One of the big surprises of our recent tour of Turkey and Greece, and we are hoping Turkey will calm down to welcome tourists again, was meeting some folks I had not met. One of whom is Nelson Searcy, a leader and networker extraordinaire, who wrote The Renegade Pastor. The subtitle both defines what “renegade” means and poses the alternative: Abandoning Average in Your Life and Ministry. (See more about him here.)
I have a times said “ordinary is OK” but what I mean by “ordinary” is not what Nelson means by “average.” The issue is settling for too little, so he sketches what “average” means when it comes to pastoring, and Nelson thinks like an engineer out to isolate problems and solve them.
Sometimes pastors face the wall; sometimes they let the wall get built; sometimes they scale the wall; sometimes they have to knock it down. There is no one model for churches or for pastoring, but this book is a bit of a kick in the shins for the leader who has more or less given up on a church reaching its potential. Full of practical wisdom and pragmatics, The Renegade Pastor is a good I recommend to the readership of the Jesus Creed.
The Average Pastor Church:
• Attendance declining by 9% every year Always behind on budget
• Lacking sufficient volunteers
• Seeking new pastor every 18 months
• Unable to say yes to God’s purposes
• Frustrated Short on time
• Lives a reactive life
• Has strained relationships with family and friends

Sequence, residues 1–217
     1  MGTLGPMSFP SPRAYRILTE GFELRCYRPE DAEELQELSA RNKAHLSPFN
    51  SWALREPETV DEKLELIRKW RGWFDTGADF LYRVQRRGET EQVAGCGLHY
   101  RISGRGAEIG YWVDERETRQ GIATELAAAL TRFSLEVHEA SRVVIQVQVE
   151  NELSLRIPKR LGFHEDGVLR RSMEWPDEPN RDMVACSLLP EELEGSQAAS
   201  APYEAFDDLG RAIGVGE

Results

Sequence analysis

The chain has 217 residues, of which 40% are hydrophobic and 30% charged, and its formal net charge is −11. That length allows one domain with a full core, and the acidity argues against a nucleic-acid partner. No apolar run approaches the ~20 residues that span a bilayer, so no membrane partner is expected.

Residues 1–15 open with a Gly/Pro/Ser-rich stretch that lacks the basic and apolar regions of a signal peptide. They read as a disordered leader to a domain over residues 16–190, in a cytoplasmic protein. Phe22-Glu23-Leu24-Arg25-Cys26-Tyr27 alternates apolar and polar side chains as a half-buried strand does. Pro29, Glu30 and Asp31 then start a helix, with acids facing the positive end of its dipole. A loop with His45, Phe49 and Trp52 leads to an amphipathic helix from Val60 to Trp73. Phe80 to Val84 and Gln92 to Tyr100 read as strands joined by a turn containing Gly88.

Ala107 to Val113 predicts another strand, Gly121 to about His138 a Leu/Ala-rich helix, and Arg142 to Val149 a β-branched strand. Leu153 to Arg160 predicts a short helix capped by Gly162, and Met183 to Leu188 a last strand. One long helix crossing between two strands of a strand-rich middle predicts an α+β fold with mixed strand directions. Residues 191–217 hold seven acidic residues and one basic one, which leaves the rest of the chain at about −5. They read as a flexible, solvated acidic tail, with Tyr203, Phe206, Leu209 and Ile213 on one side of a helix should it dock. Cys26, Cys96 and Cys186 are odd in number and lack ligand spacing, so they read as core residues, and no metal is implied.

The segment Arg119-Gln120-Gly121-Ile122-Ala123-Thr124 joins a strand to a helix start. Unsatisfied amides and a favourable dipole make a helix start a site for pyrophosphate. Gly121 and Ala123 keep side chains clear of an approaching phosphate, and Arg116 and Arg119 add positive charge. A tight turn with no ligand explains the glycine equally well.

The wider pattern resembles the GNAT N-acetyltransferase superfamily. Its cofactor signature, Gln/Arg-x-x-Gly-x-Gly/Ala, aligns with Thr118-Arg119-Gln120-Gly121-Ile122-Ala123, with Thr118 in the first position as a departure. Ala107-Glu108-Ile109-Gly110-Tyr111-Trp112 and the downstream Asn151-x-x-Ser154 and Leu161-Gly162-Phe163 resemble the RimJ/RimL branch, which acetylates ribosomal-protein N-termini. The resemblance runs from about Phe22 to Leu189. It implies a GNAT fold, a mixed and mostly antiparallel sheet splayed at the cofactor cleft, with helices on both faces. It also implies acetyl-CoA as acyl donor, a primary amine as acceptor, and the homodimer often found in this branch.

• Not experiencing fulfillment
The issue here is not a program but a heart that has acquiesced, caved in, and lack godly pastoral ambition to reach out, to grow, and to deepen.
The alternative to the average pastor who has settled for too little is the pastor willing to jump out of the box, to think again, and to strive for more — and Nelson calls this the Renegade Pastor:
The Renegade Pastor
• Abandons average
• Challenges status quo thinking
• Obedient to God
• Rebels against resistance and mediocrity
• Contrarian for Kingdom purposes
• Student of what works and what doesn’t work in life and ministry
• Passionately abandoned to the plans of God
• Pastors a healthy, growing church
• Enjoys authentic relationships with family and friends
• Dedicates time to personal and professional growth
• Lives a proactive life
• Experiences fulfillment in life and ministry
I have seen all sorts of reasons why pastors no longer think a church can expand, deepen, and grow. For instance, I now hear (especially on the blog world) that we live in a postmodern world, or in post Christendom, that full-time ministry is too expensive, churches are too expensive, salaries are too expensive and bi-vocationality is the new mode of pastoral existence. We need some renegades to fight that mindset.
Mind you, there are small churches; this is not a critique of small churches but about churches reaching their potentiality. Not all churches can become megachurches (thank God) but churches can move forward. That is the heart of Nelson Searcy’s model of the renegade pastor.
The Renegade Pastor has seven commitments — according to Nelson Searcy:
1. Follow the Lord
2. Love your family
3. Fulfill your calling
4. Manage your time
5. Shepherd your flock
6. Maximize your church
7. Expand God’s kingdom
There are a number of church leaders today who need this book because they’ve surrendered any hope for a church reaching more of its potential.